• One could start with the differences in basic setup and how it fits into the host society system.
        IMHO commonalities don’t reach much beyond the naming “(worker) Union”
        and that union leadership tends to have some affinity to corruption 😉

      • Agreed Bob re comparison. Would be good. Anyway my 3 guesses.
        1) BCA ‘shop floor’ workers/unions concerns about work going elsewhere (from some of the comments posted in these forums at least some seem to see anywhere outside the PacNW as ‘foreign’, job wise) are understandable as generations have worked there, knowing it as a Seattle firm. Contrast Airbus which has been, and has been understood to be, multinational from day 1. Airbus simply doesn’t have BCA’s baggage.
        2) The French trigger happiness is their ‘public/monopoly’ unions. There is much less confrontation in contemporary ‘private/someone else might get this job’ unionism in FR, DE, GB, ES. IAM751 strikes me as behaving more like a ‘public/monopoly’ union and, I dare say, Boeing top level as more like ‘government’.
        3) Airbus also has the advantage of momentum (coming from nothing to its current position in little time), position (being #1 in order numbers most of this century) and confidence (A350 I vs XWB aside, it hasn’t dithered much) on its side, which must surely feed through to how the ‘shop floor’ feels about working there and with management.

  5. Do you think AIM 751 and SPEEA will be embarrassed that their names are on it?

    • The IAM possibly since the members touch the airplanes and a lot ot the staff are/were on the line at one time or another –

      Most of SPEEA staff wouldn’t know the difference

  6. Fantastic!!!! Actually fantastique!!! That is when the bear is walking over eggs, .even in nature a bit of “elegance ” is needed

  7. Don S. – Mentioned in another post that the Boeing Aristocracy should be aware of the old adage “that the customer is always right” in reference to Emirates telling them to build the 777X in U.S. I totally agree with this and if they are the business men they claim to be they will pay attention to the customer request.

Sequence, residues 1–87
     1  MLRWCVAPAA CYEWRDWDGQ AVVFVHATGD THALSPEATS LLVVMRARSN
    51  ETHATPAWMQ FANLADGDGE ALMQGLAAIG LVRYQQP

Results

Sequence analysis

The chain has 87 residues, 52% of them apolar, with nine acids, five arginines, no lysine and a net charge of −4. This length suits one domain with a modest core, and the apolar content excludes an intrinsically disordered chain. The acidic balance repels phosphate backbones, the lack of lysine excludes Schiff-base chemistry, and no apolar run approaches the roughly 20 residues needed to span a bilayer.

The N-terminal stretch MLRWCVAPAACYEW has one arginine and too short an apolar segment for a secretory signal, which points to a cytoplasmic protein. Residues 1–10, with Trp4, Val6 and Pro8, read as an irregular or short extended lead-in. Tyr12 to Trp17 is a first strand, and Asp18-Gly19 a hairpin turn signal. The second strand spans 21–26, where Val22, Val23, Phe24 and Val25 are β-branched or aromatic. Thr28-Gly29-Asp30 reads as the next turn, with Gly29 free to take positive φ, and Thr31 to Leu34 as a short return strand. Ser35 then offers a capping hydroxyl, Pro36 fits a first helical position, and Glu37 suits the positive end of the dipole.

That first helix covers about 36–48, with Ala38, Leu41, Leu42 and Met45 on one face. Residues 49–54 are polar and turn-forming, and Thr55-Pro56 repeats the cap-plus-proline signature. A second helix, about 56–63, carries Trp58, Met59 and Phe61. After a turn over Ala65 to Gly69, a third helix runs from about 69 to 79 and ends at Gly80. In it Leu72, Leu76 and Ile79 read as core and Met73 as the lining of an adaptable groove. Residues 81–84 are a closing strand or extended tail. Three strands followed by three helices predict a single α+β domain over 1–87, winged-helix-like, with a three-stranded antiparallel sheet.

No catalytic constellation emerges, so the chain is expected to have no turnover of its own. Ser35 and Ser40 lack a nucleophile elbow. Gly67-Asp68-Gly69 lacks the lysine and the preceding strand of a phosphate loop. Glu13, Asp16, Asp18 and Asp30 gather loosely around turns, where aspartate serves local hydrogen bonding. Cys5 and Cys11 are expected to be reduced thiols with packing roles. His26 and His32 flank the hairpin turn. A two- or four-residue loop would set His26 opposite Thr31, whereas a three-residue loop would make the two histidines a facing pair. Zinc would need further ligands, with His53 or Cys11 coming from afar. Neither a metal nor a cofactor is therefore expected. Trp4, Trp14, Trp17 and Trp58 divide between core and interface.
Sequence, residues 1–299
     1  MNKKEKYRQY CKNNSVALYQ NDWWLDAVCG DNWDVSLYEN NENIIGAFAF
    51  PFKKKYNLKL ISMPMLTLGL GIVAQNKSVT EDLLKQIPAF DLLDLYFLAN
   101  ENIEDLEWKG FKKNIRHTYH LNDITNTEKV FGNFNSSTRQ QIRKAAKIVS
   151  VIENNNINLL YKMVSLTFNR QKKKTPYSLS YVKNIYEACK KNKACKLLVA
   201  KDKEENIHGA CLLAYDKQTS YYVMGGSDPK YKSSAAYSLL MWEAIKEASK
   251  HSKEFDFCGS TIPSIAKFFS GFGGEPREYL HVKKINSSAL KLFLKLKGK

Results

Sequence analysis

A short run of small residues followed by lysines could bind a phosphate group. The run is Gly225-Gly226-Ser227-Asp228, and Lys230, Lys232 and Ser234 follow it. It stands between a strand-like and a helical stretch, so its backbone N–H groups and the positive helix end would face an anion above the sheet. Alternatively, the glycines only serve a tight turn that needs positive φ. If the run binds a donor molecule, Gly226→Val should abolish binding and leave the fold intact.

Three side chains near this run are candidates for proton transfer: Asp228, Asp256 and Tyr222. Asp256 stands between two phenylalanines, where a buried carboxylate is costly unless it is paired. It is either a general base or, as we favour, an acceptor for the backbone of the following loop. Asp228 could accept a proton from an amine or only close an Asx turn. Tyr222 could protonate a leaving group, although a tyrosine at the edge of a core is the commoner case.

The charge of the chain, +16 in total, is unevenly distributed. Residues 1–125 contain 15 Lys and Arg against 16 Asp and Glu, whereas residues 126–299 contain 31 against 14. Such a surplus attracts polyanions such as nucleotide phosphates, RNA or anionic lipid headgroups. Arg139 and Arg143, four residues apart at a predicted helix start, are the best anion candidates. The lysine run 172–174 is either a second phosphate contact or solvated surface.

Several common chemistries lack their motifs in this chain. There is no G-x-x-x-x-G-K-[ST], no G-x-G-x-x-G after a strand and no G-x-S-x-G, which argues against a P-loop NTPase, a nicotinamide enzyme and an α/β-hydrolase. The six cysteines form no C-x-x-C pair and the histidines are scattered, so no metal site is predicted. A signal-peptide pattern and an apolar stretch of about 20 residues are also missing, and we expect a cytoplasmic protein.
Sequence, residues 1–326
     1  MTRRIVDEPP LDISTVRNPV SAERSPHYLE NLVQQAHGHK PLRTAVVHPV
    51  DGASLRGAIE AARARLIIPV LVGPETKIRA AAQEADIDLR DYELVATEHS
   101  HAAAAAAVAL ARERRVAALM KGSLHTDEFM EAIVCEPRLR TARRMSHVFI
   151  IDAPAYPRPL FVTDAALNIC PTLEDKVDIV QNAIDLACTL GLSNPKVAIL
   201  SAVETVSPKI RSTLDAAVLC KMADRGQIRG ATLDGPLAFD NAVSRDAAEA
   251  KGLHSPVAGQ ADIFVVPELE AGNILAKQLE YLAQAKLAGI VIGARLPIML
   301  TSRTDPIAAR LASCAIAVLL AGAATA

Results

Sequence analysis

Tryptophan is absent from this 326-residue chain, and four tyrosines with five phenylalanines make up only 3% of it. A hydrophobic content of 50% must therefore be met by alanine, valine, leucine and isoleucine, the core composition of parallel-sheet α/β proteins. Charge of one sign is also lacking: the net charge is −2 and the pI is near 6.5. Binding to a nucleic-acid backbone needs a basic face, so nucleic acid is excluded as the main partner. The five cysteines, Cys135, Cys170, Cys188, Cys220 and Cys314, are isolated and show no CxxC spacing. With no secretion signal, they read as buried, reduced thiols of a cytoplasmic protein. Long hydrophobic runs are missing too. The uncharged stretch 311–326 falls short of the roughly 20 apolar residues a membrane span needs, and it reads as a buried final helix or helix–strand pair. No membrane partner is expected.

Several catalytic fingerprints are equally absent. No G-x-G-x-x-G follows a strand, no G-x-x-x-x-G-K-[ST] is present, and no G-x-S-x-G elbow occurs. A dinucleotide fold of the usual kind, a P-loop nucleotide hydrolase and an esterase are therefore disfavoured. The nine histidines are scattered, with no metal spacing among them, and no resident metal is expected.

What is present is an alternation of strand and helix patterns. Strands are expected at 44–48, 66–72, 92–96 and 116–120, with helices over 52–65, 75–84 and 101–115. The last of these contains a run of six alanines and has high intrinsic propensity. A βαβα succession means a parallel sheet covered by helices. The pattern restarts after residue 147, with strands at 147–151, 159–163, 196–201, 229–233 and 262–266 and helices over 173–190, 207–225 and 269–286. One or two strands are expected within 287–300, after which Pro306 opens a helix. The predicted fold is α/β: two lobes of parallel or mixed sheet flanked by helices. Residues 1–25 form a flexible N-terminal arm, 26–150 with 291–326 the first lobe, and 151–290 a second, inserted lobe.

I also have another one to add to this that comes to mind “you pay with peanuts and you get monkeys”. The IAM is far from that currently but if management keeps it up that is what they will get. Seems like it (Boeing) has been headed in that direction for awhile now. For some reason it all started downhill in the 95 – 97 years and a specific set of bookends at the top of the aristocracy come to mind.

    Oh yes, just remember the 787 rollout / time period to first flight and you know the downhill slide I am speaking about. It is called leadership and it is lacking on all fronts. I wish Mr. Mc and his team the best hopefully they listened this time around. You never know that other builder may just show up in town one of these days if they keep it up.

    • “n S. – Mentioned in another post that the Boeing Aristocracy should be aware of the old adage “that the customer is always right” in reference to Emirates telling them to build the 777X in U.S.”

      There is a hitch to this.
      Customers usually describe their wishes and expectations in scope of what they have/know. i..e they lack the abstraction to express needs but will cloak it in a solution out of known elements.
      A good solution provider will have to backtrack/peel these wishes to expose what the customer “really” wants and then build from there with a wider scope of solution elements.